Every so often I meet up with a small group of friends who are fountain pen collectors, and we spend a weekend afternoon over coffee. It is enjoyable to learn about all kinds of fine writing instruments, whether they are the most exquisite vintages or modern day marvels. The following photos illustrate just some of the notable pens in their collection.
1925 – Gold-Filled Conklin Crescent Filler
The Conklin Crescent Filler was the first self-filling fountain pen to be mass produced. Designed by pioneer pen maker Roy Conklin, the singular Crescent Filler was granted patents in 1901 and 1903. It continued to be manufactured until 1930, the year it was finally retired in favour of the more advanced lever-filling system.
In order to fill a Crescent Filler, the user spins the circular bead to line it up with the crescent fill button. When the two are aligned, the pen is submerged in ink and the crescent is depressed. This compresses and decompresses the sac, allowing it to fill with ink. The Crescent Filler is much like a lever-filler with a literal twist.
Conklin made a huge variety of models, and not all are known or available even to the most discerning collectors. Fortunately, the Crescent Filler has seen a revival and details are available from their online site. The company has also expanded their range of offerings to include other designs which have been refreshed for the modern user.
1930s – Wahl-Eversharp Doric
First introduced in 1931, the Wahl-Eversharp Doric is unmistakable in its faceted Art Deco styling. The twelve-sided barrel tapers at both ends, much like the Omas Paragon which was released at about the same time. There is still much debate about which came first.
What is certain is that Wahl-Eversharp was the innovator when it came to nibs – from 1932, the Doric featured an ingenious “adjustable nib”. Fitted with a tiny slider, the adjustable nib allowed users to increase and decrease the flexibility of the nib. Moving the slider towards the section increased flexibility while the reverse made the nib rigid.
The Wahl- Eversharp Doric was the inspiration for the Pilot Justus, which improved upon its design in the addition of a screw-operated “tension adjuster”. This did away with the need for users to touch the nib.
1930s – Waterman Ink-Vue
First released in 1936, the Ink-Vue was Waterman’s answer to the hugely popular Parker Vacumatic. The Ink-Vue is constructed from celluloid, and is easily distinguished by the criss-cross pearlescent strips which adorn its barrel.
As its name suggests, the pen features a translucent barrel which allows users to view the remaining ink capacity. The bulb-filler fountain pen comes in a number of colours – the Copper Ray, Emerald Ray and Silver Ray are seen here. For those who are interested, a comprehensive article detailing the history of the Ink-Vue is available on Richards Pens.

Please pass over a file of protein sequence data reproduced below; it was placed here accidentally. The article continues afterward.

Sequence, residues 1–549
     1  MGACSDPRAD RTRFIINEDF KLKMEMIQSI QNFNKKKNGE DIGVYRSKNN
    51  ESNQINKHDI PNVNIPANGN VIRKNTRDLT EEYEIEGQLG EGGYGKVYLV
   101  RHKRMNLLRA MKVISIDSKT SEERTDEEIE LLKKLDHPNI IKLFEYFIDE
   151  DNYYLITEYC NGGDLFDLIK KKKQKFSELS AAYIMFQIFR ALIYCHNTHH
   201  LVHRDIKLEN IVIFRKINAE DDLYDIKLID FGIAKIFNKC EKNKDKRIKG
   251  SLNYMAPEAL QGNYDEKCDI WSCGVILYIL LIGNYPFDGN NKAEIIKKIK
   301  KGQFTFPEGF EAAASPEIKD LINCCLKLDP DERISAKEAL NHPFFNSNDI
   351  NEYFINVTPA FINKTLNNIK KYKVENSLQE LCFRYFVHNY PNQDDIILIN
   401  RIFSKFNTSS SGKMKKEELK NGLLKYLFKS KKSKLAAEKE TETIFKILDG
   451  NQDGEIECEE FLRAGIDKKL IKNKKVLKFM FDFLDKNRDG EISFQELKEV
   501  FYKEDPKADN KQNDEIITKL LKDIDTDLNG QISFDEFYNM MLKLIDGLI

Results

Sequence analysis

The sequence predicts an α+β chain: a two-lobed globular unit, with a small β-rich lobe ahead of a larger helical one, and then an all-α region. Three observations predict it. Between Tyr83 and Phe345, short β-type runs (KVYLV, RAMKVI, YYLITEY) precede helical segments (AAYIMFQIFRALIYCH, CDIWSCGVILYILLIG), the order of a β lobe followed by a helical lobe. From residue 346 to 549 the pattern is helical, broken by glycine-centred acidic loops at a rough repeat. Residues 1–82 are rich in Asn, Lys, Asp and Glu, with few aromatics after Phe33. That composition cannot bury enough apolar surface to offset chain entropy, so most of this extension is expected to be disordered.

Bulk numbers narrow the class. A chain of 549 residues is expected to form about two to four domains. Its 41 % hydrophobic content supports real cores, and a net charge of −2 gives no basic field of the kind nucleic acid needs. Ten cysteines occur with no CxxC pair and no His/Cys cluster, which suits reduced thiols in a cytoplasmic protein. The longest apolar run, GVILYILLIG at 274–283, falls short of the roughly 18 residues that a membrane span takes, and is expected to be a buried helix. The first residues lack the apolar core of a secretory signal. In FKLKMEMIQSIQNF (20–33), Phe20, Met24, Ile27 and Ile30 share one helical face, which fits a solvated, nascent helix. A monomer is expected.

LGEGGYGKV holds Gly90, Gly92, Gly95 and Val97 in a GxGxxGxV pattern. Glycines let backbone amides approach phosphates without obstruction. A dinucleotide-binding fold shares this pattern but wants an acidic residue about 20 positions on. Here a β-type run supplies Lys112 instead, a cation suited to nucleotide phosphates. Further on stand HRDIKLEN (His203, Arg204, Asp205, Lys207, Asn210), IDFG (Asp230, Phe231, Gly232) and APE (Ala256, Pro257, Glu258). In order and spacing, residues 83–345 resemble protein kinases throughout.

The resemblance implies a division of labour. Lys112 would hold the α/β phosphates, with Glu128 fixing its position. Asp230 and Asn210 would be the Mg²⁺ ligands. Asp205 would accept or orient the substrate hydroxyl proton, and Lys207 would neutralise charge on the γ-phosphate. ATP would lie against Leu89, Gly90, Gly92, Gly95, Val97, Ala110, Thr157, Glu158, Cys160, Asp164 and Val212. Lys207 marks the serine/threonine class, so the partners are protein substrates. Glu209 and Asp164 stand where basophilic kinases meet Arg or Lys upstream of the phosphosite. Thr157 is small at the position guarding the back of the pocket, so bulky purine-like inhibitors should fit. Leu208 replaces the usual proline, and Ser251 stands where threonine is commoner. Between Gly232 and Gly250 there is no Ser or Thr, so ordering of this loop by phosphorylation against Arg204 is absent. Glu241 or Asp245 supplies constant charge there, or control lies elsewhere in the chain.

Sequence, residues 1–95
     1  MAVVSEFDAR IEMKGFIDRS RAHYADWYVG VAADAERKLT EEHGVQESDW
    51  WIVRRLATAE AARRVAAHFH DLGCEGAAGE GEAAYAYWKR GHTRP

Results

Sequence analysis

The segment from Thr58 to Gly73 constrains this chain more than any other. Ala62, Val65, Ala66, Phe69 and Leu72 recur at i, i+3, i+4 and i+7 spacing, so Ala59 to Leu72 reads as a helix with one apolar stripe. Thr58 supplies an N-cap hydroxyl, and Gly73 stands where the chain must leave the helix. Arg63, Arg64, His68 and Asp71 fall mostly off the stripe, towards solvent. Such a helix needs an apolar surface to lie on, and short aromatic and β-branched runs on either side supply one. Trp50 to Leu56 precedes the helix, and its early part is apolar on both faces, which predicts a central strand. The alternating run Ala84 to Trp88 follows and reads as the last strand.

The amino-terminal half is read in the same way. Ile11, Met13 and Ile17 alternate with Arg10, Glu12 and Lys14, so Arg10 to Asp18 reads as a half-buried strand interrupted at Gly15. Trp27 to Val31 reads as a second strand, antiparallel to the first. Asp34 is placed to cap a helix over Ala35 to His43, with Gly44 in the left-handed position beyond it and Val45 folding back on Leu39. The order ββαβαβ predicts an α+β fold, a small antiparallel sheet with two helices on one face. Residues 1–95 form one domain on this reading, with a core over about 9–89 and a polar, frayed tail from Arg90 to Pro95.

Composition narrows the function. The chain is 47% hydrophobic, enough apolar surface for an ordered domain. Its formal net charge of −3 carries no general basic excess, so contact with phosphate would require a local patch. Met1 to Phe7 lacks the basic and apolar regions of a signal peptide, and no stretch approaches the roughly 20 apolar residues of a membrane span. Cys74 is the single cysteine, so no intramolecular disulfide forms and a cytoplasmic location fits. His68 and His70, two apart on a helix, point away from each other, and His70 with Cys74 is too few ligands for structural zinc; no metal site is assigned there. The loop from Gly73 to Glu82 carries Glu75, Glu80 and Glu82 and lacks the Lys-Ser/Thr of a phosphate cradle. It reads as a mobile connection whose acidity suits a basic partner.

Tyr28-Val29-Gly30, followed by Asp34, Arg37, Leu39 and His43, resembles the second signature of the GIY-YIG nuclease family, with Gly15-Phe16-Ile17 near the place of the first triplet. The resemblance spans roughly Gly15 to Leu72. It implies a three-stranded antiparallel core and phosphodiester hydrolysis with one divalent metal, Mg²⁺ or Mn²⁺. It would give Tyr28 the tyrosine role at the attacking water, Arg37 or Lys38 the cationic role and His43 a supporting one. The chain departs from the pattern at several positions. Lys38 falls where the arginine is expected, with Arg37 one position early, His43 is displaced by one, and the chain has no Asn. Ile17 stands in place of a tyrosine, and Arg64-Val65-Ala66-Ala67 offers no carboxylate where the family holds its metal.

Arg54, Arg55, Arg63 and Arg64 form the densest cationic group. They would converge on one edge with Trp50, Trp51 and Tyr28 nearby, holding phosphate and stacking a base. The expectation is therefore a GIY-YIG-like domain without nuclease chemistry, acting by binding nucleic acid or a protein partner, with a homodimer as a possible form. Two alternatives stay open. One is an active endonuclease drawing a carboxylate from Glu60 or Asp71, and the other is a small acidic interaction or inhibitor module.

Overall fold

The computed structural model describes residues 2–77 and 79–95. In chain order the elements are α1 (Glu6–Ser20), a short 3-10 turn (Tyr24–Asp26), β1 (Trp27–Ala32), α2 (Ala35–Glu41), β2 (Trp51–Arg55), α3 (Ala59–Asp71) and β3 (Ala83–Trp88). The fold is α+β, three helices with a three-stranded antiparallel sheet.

1936 – Mont Blanc Meisterstück 128PL
The Mont Blanc 128PL was produced from the years 1935 to 1938. It is highly sought after by collectors today and has appeared in numerous auction catalogues such as those from Christies and Bonhams. The 128PL is made of platinum pearl striped silver-grey celluloid, while the cap top and endpiece are made of black hard rubber.
The cap band and “tie” style clip are gold plated, while the nib is made of two-tone gold. The 128PL is operated by a push-button filling system. Pushing the button atop the barrel compresses a rubber ink sac, which creates suction and allows the pen to fill with ink. The words 128PL simply refer to the specifications of the pen – 1 (Meisterstück) 2 (push button filler) 8 (size) PL (platinum lined celluloid.
1950s – Mont Blanc 214 Coral Red (Denmark)
The Mont Blanc 214 is an extremely rare fountain pen. The 214 is constructed from coral red celluloid and was manufactured by the Danish Mont Blanc factory exclusively for the local market. The push-button sac filler is operated by unscrewing the barrel cap. Fitted with a semi-flexible nib, the 214 was produced for a period of approximately one two years.
A majority of Mont Blanc pens manufactured in the late 1940s and early 1950s were made in Denmark, as a result of restrictions imposed on the import and export of precious metals at the end of World War II.
The Mont Blanc plant in Denmark had been operational since 1914, but it was a well-kept secret. Few had knowledge of the company’s collaboration with Alfred Olberg until much later in 1964. The history of Mont Blanc in Denmark is the subject of a book by Claus Holten and Pold Lund titled “Montblanc in Denmark 1914 – 1992 The Untold Story”.
Enjoy the remaining photographs!